Step 3 - Preparing to Resize:
     With the scooby2.gif file open in IrfanViewer, click on the Image link at the top of the window and select Information which should bring up this display box to tell you about the image you are viewing. Look at the size of the graphic in the display box below that is in the red box and it shows that the present size of the Scooby graphic is 505 x 626 pixels. This graphic can be made into a graph as is but it would result in a very big graph/pattern which is not what we're trying to do here. *L* Also look at the number of colors in the graphic as shown below in the area in the blue box.

Irfan Viewer

Step 4 - Resizing:
     We are now ready to resize the graphic to suit our purposes. *S* Click on the Image link again and this time, select the "Resize/Resample" option. You should get a box similar to this one. Now you have a choice to make about what size you would like the graphic to be. You can type in any number in either the width or height under the "Set New Size" section and it will fill in the number for the other box and automatically resize the graphic to keep it in the aspect ratio. Or you can choose to set the new size as a percentage of the original graphic. For this example, please type in 20 in the "Set new size as percentage of original" and then click the OK button. *S* The new size for the graphic should be 101 x 125 pixels. (For the graphs I've made so far, I usually try to have the height of a graph somewheres around 100-150 pixels.) Now click on the Image link on the tool bar again and select the "Convert to Greyscale" option. Please note that this option along with the "Decreasing Color Depth" is now available for use as it is showing up in the box now and is not grayed out as compared to earlier.
     After converting the graphic to grayscale (2 colors), try clicking on the "Image" link in the tool bar again and select "Information" from the drop-down list and the information there should be similar to what is showing here.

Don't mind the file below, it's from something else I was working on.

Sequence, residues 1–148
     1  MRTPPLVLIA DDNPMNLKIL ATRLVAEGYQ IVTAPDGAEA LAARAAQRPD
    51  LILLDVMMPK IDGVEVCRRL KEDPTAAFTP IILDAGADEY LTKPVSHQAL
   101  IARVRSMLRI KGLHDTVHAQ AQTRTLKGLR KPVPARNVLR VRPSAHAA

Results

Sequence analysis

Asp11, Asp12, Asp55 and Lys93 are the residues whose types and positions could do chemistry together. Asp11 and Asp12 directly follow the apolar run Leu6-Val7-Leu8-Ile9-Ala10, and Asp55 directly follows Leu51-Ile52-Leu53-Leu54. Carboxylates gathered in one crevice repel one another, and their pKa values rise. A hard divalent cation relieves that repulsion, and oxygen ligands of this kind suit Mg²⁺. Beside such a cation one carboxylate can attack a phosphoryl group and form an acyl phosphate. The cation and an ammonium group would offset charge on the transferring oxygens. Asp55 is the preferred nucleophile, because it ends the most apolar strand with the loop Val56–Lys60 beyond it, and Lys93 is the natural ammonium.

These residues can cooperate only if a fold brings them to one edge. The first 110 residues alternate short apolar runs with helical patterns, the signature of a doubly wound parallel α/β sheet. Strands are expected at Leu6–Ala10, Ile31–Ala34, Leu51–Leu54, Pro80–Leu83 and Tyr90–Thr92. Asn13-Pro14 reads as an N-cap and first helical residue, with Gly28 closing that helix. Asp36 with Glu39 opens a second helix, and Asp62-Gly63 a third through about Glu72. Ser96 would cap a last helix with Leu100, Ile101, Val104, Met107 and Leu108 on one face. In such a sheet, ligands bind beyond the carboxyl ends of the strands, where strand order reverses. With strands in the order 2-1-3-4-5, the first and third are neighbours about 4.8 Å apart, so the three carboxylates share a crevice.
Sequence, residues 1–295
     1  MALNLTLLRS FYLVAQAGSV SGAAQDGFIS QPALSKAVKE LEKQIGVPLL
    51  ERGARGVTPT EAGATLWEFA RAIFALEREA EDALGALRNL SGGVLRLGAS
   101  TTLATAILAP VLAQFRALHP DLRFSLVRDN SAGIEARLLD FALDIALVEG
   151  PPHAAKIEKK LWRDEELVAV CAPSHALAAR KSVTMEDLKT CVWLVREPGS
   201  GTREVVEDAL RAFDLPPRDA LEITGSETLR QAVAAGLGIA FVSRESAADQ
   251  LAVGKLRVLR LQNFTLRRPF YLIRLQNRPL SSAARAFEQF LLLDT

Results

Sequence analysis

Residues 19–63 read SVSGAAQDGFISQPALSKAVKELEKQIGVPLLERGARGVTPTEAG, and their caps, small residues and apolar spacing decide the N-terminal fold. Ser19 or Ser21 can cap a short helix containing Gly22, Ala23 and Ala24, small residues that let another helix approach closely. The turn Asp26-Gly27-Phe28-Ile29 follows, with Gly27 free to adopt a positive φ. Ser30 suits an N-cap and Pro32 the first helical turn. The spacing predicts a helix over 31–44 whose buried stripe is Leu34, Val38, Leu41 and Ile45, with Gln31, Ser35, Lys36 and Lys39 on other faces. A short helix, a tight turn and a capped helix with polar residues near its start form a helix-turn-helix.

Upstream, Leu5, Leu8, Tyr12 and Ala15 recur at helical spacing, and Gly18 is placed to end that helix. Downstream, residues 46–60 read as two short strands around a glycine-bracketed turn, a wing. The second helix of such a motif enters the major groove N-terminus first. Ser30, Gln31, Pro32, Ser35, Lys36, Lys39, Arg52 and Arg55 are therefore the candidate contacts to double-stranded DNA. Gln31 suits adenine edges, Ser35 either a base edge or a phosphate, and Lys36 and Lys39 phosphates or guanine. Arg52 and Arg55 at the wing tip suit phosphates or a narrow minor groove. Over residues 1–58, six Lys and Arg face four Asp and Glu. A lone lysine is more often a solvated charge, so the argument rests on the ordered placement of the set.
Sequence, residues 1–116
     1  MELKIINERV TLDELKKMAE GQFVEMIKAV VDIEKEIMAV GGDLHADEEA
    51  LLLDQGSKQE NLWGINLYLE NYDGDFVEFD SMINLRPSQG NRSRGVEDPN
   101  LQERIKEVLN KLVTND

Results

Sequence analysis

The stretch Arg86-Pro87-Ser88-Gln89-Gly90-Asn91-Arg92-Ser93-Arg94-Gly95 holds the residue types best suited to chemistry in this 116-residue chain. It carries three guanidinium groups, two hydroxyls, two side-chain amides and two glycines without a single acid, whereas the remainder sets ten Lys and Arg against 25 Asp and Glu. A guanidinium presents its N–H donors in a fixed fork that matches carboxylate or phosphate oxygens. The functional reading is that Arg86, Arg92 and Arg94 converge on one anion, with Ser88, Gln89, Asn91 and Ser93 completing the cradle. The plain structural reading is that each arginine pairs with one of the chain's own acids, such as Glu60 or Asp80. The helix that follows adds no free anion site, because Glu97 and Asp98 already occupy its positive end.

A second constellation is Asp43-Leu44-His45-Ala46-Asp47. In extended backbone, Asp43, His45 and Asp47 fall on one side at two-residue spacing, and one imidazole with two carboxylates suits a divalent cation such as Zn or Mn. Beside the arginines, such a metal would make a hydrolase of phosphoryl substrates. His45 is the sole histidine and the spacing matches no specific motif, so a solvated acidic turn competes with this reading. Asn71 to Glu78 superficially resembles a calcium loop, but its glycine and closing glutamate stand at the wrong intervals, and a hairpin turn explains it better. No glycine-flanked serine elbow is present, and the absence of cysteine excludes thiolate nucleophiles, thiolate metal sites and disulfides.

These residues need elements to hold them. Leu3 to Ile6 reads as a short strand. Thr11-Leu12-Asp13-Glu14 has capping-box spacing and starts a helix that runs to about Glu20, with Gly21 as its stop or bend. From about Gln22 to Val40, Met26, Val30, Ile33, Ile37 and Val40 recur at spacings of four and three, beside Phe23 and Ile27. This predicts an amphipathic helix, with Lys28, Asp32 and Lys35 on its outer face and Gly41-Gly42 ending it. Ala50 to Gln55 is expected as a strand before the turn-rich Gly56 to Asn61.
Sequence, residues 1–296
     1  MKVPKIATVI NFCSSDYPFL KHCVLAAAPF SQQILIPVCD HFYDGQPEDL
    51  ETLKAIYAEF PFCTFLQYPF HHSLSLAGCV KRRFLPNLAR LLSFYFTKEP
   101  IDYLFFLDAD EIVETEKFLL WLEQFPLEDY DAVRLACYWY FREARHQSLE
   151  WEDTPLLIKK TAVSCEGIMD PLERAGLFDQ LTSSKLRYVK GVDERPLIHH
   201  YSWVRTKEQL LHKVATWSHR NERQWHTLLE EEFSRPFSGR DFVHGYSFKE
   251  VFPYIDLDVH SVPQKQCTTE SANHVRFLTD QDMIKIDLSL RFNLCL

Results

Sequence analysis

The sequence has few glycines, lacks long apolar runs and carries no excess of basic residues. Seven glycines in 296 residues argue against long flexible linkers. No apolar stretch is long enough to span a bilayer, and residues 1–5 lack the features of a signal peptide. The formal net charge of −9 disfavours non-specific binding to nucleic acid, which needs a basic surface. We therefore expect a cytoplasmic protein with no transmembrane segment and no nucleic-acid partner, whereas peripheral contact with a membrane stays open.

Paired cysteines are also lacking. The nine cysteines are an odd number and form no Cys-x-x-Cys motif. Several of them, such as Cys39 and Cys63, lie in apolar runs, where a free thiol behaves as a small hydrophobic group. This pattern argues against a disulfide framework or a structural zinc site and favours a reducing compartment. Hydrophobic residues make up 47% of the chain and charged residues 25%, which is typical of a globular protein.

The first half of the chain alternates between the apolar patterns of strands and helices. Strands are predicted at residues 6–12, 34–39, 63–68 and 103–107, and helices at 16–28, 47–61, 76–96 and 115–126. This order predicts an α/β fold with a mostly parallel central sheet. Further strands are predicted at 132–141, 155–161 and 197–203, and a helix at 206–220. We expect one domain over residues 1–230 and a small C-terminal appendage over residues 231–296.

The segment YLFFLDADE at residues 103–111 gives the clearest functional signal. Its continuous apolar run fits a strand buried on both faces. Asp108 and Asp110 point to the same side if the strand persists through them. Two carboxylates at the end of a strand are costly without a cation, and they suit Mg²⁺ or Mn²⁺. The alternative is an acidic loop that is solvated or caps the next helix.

Step 5 - Saving Your Work:
     Now that you are done resizing and converting the graphic, you are ready to save your work. Click on "File" from the tool bar and choose the "Save As" option. You might like to give it a slightly different name so that if something happens to your work or you don't like the end result, you still have the original version of it to use again. I'll be calling mine "Scooby7" since I have already made six other Scooby graphs. Be sure to save the file as a .bmp one and nothing else. PC Stitch will import other types of files such as .jpg, .tif, and many others but it will not import .gif files unless you convert them before importing into PCS. You should see a "Save File As" box similar to this one. (And if you want an explanation as to what a .bmp file is, you can try this link for one.) Now you are ready to go onto the next step......Using PC Stitch! *S*

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Web page background, site, and design created by Cheryl (a.k.a. "Cinnaminn").
Originally created 23 August 2002 and updated as of 26 March 2006.